Use vanilla extract and lemon juice.
Make ricotta from scratch and use whey instead of milk.
with a 9 inch pan, use 2/3 of recipe.


I also add more zest and lemon juice. Then I bake this in two 9” cake pans and once cooled, put a layer of melted raspberry jam in between the two cakes. I chill it and then serve with fresh raspberries and a little more jam melted over the top. Huge hit with all ages at my house.

Louise Schiller

There is no way this much batter can fit into a short cake pan. I've made this twice using a springform pan with high sides and it comes out perfectly! Very light and delicious.Use Meyer lemons if you can get them.


When do you add the lemon juice of lemons? Or do you just use the zest?

Mark Mitchell

I have to say, after reading all the cooking notes for this recipe, I was terrified to attempt to prepare it—and at the same time, how could I resist?The cake came out perfectly great. Just remember that "simmer" is not "just off the boil," simmer is 180"F-185°F., MAX. Slowly whisk fine semolina flour into the milk at that temperature and you can't go wrong. The mixture thins out progressively/considerably when you add sugar, butter, and eggs. The 11" pan is also key. Absolutely delicious!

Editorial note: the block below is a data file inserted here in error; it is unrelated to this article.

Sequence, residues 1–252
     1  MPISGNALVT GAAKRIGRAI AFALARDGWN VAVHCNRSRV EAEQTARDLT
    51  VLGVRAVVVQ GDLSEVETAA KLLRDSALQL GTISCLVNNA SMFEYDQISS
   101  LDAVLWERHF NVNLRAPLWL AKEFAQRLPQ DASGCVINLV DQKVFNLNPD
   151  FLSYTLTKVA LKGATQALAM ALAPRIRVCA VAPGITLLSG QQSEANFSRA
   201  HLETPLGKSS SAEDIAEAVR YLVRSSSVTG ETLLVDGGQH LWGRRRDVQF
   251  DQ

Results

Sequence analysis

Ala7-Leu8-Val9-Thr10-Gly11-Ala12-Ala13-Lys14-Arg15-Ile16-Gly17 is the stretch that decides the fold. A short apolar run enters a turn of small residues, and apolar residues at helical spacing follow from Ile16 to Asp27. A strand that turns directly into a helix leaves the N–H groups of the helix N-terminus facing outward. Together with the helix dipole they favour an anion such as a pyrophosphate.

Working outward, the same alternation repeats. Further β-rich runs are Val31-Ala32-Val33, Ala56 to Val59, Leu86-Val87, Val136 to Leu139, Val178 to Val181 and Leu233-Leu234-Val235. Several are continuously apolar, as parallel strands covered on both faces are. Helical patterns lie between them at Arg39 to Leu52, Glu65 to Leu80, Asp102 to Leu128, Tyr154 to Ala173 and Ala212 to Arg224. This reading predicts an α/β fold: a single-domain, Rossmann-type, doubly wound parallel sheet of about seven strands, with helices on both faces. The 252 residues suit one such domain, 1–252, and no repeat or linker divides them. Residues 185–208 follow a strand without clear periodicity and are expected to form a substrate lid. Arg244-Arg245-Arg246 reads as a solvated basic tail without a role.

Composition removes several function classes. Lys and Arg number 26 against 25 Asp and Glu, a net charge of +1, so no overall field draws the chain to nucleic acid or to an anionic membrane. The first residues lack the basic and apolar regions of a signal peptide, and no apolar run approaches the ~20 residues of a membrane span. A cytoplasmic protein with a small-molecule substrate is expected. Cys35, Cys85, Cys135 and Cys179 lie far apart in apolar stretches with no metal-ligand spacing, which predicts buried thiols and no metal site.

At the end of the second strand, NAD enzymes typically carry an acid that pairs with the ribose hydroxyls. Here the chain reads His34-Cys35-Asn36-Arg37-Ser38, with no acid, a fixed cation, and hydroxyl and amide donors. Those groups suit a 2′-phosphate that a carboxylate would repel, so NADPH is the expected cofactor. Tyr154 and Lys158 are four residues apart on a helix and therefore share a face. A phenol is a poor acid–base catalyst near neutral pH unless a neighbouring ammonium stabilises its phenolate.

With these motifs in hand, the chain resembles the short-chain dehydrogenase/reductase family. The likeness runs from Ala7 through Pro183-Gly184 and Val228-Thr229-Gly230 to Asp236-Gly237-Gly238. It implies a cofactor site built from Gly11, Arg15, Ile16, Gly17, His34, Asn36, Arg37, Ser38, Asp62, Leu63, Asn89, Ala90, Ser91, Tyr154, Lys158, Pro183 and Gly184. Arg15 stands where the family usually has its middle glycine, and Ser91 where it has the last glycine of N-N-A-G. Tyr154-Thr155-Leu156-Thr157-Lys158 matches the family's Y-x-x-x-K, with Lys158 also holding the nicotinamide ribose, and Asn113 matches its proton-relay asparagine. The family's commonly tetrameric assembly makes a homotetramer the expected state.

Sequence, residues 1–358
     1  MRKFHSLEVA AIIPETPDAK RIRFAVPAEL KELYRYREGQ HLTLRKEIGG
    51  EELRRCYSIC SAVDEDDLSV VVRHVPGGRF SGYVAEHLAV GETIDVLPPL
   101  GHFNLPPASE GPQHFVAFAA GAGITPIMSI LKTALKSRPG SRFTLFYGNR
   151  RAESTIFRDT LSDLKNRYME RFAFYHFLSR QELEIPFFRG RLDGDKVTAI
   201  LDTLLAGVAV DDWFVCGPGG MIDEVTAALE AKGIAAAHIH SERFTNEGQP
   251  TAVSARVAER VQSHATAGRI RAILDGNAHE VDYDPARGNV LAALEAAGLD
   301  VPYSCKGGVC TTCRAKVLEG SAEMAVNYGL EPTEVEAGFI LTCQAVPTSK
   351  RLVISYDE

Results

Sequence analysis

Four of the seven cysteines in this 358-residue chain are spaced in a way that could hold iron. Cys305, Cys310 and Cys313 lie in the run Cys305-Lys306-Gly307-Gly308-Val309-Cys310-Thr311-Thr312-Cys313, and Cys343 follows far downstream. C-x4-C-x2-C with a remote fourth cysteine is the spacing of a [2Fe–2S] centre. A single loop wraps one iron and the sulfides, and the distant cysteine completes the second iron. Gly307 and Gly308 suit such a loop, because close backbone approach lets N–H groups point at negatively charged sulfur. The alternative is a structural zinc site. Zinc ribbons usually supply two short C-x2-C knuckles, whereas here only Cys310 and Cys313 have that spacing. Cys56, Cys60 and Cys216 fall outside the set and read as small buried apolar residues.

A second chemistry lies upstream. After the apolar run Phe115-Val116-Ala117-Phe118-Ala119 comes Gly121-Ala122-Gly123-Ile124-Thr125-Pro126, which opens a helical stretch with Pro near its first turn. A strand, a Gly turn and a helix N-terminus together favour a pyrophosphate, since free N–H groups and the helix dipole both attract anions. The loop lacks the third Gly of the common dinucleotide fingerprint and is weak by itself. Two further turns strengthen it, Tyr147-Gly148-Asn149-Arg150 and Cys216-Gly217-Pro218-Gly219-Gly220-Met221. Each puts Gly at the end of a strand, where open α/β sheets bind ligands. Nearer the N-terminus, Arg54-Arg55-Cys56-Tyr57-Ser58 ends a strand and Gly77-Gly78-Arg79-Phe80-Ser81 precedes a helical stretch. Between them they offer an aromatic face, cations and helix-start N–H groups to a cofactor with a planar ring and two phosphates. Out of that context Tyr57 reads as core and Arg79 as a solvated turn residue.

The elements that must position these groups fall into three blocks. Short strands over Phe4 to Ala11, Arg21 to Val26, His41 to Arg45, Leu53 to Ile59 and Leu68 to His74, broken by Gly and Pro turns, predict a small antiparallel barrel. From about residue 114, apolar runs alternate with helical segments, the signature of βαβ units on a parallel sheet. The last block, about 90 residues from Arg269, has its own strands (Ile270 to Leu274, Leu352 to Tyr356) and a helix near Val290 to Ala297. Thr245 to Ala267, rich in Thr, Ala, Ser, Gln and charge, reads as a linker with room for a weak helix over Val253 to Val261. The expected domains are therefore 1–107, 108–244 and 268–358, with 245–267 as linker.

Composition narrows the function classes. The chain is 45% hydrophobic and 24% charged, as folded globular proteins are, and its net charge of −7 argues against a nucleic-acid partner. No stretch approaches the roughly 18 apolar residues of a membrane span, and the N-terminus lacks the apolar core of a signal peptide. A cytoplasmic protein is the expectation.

Marti Bommarito

My "batter" also turned into a hard, gelatinous paste that was both unable to stir and unpourable even though I heated the milk to just a simmer and added the semolina gradually while stirring. I used very high-quality, authentic ricotta and the zest of one large lemon. When the texture was not what I expected, I almost tossed it in the bin but decided to bake it anyway. It took more than 1.5 hours, was slightly golden at the edges but was too dense. Wish I had read the comments before.